Opportunities for Hong Kong in the One Belt, One Road Initiative

One of the broad goals for the Chinese mainland has come through President Xi’s One Belt, One Road initiative (OBOR). Hong Kong is very encouraged and excited about being a part of this international project. In addition, Hong Kong has also joined the Asian Infrastructure Investment Bank (AIIB) as an active member since it is one of the premier financial centers of the world.

Hong Kong can play a role in funding for infrastructure projects, and its airport authority, as well as its railroad sectors, are some of the best operators for contributing to the demand of capital for financing infrastructure construction in Belt-Road countries. Hong Kong will also be able to facilitate the financing for the OBOR projects and allow companies to underwrite the risks of providing consultants with reliable project management and tax advice.

Not only can the OBOR initiative play a role in Hong Kong’s services, but it can also play a role for its trade and commercial sectors. In addition, Hong Kong is one of the busiest ports in the world when it comes to trade. Many countries have used Hong Kong as a platform to buy and sell products that will open a lot of room for the harmonization of trade policies and opportunities for Hong Kong to conclude more free trade agreements with the Belt-Road countries.

Hong Kong is also encouraging a lot of people-to-people exchanges and providing a lot of funding for younger students to do educational and cultural exchanges. The One Belt, One Road initiative (OBOR) can be a strong engine for the future of Hong Kong as well as for the one country, two systems-model.

Takeaways from Hong Kong’s Current Success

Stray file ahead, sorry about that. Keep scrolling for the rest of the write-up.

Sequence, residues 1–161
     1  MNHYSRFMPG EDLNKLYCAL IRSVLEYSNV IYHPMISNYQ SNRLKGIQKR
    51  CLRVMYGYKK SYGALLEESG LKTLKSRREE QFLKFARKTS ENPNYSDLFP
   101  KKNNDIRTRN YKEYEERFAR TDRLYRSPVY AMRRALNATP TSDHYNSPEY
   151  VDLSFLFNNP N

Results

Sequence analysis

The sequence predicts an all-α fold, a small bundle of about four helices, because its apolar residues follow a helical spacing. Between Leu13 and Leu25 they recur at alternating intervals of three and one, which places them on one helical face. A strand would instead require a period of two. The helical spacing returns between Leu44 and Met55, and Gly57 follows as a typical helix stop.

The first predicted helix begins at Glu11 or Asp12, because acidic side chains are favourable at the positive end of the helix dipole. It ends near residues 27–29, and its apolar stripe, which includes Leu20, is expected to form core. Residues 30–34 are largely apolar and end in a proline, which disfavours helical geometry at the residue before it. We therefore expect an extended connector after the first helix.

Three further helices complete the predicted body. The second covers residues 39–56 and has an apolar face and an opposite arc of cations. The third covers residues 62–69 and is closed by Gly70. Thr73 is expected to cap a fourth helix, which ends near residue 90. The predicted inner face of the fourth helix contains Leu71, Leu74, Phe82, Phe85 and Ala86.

The relationship between mainland China and Hong Kong has had its tests, but the relationship overall has been very stable. Let’s not forget that Hong Kong was a region under British rule for 155 years from 1842-1997, and the handover of Hong Kong to China was a very significant moment in history. The handover of Hong Kong was also significant in the way that it was done because the one country, two systems was a very innovative proposal that overcame the challenges of British colonization and it allowed for the people of Hong Kong to establish closer ties with its mainland relatives.

Twenty years later, Hong Kong has been more advanced in the rule of law (despite pro-independence movements from the opposition), cracking down on corruption, and maintaining accountability, so this proves to be a very good track-record.

The mainland has done everything it could to help Hong Kong in many ways to make sure that the transition from a British colony to a Special Administrative Region (SAR) of China was smooth, and both sides want to see the one country, two systems-model succeed because this is a creative way to unite Hong Kong with the mainland and provide inspirations for future social experiments within China. Beijing has tried in every way to make sure that Hong Kong’s society and economy function well, and this will continue going forward.

*Vincent Lofaso, Research Associate at the Council on Hemispheric Affairs


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Vincent Lofaso

Vincent Lofaso

Vincent Lofaso is a recent graduate of Manhattan College with a Political Science major with a focus in international affairs. Most of his research is related on geopolitical and security issues.

One thought on “Hong Kong: How One Country, Two Systems-Model Became A Reality Twenty Years Later – OpEd

  • July 9, 2017 at 2:39 am
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    One country two systems does not work.

    Reply